Columbiana County Rising Scholar’s NASA HUNCH team includes (front, from left) Joy Carpenter, mentor; Lamar Salter; Miles Reynolds; Dr. Jessica Paull, Rising Scholars coordinator; and (back, from left) Grace Huddlestun, mentor; Jose Garcia III; Karrin Diegdio; Vixx Mohrbacher; and Elizabeth Mostella, mentor. (Submitted photo)

A team of Rising Scholars from Kent State Columbiana County earned a spot in the finals of the NASA HUNCH culinary competition at the Johnson Space Center in Houston. The scholars will compete with teams from around the country on April 17 to determine if their culinary creation will be a future meal selection for astronauts aboard the International Space Station.

The students qualified for the trip to Texas following a preliminary competition in February at which they presented their seafood rice dish to a panel of judges, following months of research and testing.

The winning team members who participated in the preliminary competition include Jose Garcia III and Miles Reynolds of East Liverpool High School; Lamar Salter of Salem Junior/Senior High School; Vixx Mohrbacher of Crestview High School; and Karrin Diegdio of United Local Schools.

The High Schools United with NASA to Create Hardware (HUNCH) program was launched by NASA in 2003 with three schools. Today, hundreds of high schools across the country are involved with its project-based learning programs through which students learn skills and find career opportunities. The Culinary Arts Challenge is one of several categories.

“The culinary arts program teaches students how the body processes food in space and how this impacts the nutritional requirements for astronauts,” explained Dr. Jessica Paull, Rising Scholars coordinator. “Students had to create a recipe that fulfills the nutritional requirements while maintaining its flavor. Preparing food to eat in space is not easy.”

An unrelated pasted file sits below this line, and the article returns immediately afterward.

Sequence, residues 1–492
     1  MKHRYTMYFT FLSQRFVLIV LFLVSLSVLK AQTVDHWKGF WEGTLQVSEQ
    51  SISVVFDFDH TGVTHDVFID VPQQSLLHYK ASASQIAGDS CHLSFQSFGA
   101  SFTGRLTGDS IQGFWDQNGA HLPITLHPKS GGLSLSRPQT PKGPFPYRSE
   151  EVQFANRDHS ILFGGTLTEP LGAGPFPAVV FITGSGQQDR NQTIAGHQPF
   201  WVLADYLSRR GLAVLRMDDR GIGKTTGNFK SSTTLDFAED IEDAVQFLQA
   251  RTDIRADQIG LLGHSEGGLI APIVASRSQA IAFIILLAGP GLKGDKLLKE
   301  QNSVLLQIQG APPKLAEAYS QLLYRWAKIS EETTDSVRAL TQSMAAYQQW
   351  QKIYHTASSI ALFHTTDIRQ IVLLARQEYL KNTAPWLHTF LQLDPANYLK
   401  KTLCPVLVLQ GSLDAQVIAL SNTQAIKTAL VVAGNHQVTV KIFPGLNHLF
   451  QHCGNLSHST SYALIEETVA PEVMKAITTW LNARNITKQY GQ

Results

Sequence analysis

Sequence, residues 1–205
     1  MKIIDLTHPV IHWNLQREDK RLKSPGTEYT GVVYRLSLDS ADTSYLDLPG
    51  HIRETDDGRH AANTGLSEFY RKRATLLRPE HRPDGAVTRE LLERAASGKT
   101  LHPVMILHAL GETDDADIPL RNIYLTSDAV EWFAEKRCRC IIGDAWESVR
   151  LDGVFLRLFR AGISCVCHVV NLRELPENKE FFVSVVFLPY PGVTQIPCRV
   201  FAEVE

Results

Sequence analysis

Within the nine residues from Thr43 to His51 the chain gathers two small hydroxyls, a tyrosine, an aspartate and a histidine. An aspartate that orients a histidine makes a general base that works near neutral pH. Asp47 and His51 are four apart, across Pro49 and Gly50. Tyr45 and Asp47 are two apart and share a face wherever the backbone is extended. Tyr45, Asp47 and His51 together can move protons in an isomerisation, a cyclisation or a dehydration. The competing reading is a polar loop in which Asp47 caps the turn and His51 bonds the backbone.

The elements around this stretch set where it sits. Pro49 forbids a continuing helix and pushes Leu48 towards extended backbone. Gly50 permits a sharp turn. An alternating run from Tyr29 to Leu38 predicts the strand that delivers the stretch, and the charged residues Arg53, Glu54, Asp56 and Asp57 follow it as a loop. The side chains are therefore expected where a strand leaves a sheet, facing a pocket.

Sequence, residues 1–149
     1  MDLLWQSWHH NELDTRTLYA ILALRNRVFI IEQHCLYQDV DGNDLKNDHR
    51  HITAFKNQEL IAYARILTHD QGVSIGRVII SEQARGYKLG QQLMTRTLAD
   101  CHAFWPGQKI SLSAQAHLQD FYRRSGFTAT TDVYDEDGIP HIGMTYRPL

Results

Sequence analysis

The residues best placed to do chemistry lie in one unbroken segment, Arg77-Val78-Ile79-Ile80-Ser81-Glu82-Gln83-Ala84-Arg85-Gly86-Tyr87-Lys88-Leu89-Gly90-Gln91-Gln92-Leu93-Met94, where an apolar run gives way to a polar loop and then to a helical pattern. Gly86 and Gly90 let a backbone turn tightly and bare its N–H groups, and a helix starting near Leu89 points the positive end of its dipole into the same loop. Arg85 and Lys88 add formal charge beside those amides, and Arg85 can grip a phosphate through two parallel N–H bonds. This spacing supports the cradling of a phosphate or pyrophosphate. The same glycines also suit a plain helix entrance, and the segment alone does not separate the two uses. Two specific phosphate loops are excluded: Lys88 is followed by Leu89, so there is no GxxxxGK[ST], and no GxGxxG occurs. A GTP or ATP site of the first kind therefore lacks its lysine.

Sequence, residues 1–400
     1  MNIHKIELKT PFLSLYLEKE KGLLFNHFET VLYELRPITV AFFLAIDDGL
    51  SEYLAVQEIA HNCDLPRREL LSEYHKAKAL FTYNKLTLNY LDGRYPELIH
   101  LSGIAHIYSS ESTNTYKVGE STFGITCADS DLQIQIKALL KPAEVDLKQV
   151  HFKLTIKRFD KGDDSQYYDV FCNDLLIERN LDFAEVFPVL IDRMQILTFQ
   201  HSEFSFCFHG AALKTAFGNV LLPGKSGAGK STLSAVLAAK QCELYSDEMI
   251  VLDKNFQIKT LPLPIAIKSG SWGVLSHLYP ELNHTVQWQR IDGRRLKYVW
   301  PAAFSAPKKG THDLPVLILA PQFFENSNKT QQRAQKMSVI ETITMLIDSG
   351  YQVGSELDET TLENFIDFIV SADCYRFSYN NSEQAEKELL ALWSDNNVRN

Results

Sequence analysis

Each year, NASA provides a new theme for its culinary challenge and this year it required students to create a savory breakfast item that includes a vegetable.

The first phase of the program was learning about food processing/food science and how the body’s response to microgravity affects the astronauts’ nutritional needs in space. Students had to research and learn about different methods of processing food for microgravity; how the entrÈe would be reconstituted for eating in space; and the physiological changes that cause astronauts to need additional fiber, low sodium, certain calories and flavorful foods.

NASA reported that 33 different schools across the country created entrees that were judged locally by food industry personnel and community members. After those preliminary competitions, eight teams with the highest scores were invited to the Johnson Space Center for a final competition that will be judged by NASA’s food lab personnel, industry professionals, astronauts and representatives from the International Space Station program office.

The winning entry will be processed by the Johnson Space Center lab and sent up to the space station for astronauts to enjoy.

Other team members who participated with the project include Nathan McMichael and Victoria Jackson of Leetonia High School; Addysin Andrenok and Vaida Jo Willis of Southern Local; and Sylas Johnson of Salem Junior/Senior High School.

Serving on the judges panel for the Columbiana County Rising Scholars’ presentation were Sebastian Chomczyk of Sabi’s Restaurant; Josh and Alyvia Congelio of Lariccia’s Italian Marketplace and Food Trailer; Eric and Valerie Cross from the Garwood Grill; Dr. Rachael Blasiman of Kent State University; Sheri Kuzmiak from the Kent State Bistro; Erica Raymond of Raymond’s Ice Cream Parlor; Maegan Richards of Kent State University; and Dr. Diane McElwain from NASA HUNCH.

Rising Scholar mentors who worked with the culinary competition team include Joy Carpenter, Elizabeth Mostella, Grace Huddlestun, Olivia Rice and Blaine McCurdy.

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